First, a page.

Remember Ralph McTell?



I don't but some words of a vague ditty went through my head on one of those freezing Kurdistan days so I just had to look him up. ( Thats what one does in Kurdistan when there is no electric for the umpteenth time in a day. ) He wrote The Streets of London. " Let me take you by the hand and lead you through the streets of London, I'll show you something to make you change your mind"

I have become somewhat withdrawn in the past few months. I am struggling with usage of human words and the lack of ability to correctly and accurately portray and describe that to which I am a witness. I desire to use that which I am seeing, that which I am touching, smelling and tasting , namely the results of gross, foul , brilliantly calculated evil, to lead you through the camps of Northern Iraq, and to change the average western mindset and to shake off apathy and the attitude of" it's not my responsibility"...


I fell in love with a kid recently. He captured my heart and I just adore him. Springs of Hope Foundation was a part of his rescue from Syria and we since then have adopted him into our tribe. But he is mine. He is ten years old. Incredibly intelligent and good looking. Funny. His mind oh so sharp.He has an ear to ear grin to die for. What more could a "Mum" want in a son?

He has moved around a lot for a kid his age. He has " lived" in Talafar, in Mosul, in Raqqa, in Mosul, in Raqqa and now he lives in a tent with a family who are taking care of him and his two orphan siblings with whom he has just been reunited after close to two and a half years in the captivity of Daesh. Whereabouts of mother, unknown. Whereabouts, if alive, of father, unknown.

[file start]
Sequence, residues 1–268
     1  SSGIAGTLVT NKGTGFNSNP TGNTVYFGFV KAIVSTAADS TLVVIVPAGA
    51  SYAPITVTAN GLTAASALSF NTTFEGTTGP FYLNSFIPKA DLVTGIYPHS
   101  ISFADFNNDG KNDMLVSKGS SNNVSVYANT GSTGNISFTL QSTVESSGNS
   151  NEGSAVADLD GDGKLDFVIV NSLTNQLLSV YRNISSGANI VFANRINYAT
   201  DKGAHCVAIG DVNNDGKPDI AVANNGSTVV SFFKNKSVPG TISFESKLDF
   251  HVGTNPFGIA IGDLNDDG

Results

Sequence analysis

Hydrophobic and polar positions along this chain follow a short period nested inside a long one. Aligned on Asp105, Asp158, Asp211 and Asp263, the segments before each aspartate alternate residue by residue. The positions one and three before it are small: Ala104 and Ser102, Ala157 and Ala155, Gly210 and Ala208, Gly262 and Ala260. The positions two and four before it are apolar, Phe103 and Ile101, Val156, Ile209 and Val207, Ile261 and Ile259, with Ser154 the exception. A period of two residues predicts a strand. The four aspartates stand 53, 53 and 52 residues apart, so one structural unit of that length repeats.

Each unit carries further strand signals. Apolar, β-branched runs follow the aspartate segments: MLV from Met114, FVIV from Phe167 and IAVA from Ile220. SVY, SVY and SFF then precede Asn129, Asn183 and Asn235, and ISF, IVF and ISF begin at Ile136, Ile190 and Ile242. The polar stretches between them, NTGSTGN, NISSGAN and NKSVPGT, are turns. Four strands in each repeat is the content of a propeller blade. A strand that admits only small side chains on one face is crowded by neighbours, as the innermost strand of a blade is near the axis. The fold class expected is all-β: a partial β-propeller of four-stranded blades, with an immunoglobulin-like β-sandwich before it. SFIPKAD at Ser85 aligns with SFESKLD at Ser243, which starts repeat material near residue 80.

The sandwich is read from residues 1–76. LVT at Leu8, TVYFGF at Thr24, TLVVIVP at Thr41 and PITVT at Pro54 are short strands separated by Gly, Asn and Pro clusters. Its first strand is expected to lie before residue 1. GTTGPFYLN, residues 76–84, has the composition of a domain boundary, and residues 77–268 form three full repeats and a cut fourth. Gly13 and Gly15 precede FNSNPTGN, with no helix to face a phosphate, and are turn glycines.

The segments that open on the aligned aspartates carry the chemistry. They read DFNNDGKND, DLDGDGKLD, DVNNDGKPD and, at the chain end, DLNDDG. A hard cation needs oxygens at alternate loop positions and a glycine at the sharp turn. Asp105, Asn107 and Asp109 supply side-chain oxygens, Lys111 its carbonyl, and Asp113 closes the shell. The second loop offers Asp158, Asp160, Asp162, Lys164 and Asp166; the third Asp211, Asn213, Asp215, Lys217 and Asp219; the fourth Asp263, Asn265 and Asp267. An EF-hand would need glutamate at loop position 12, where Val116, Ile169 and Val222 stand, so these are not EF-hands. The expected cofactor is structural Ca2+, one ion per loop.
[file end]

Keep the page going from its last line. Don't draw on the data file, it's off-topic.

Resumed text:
He is a ten year old lover. He throws himself into my arms and is content to stay there. No embarrassment, no wriggling to get away, lets just hug. But then he flips. " If you continue to speak English " he will say oh so seriously, " I will have to kill you".

He means it. And he can. At ten years old this kid who I love so deeply could take me out. I meet his gaze evenly. " I will teach you English. If you want to be the best, and go far in life, study and make a good business, you will need English. And computers. I'll teach you. What do you think?"

" I will learn English" my ten year old replies. His grin returns.

Let me take you by the hand and lead you through the tents of Kurdistan. I will show you something to make you change your mind.

We go back to playing. Jumping and dancing inside the small tent. I want to pursue the area of " radicalization" further and request that Saad, my Ops Manager tell him something. " Tell him that I am a Jew from Israel" Saad's mouth kind of dropped and his eyes widened but he responded with his typical " Yes Ma'am"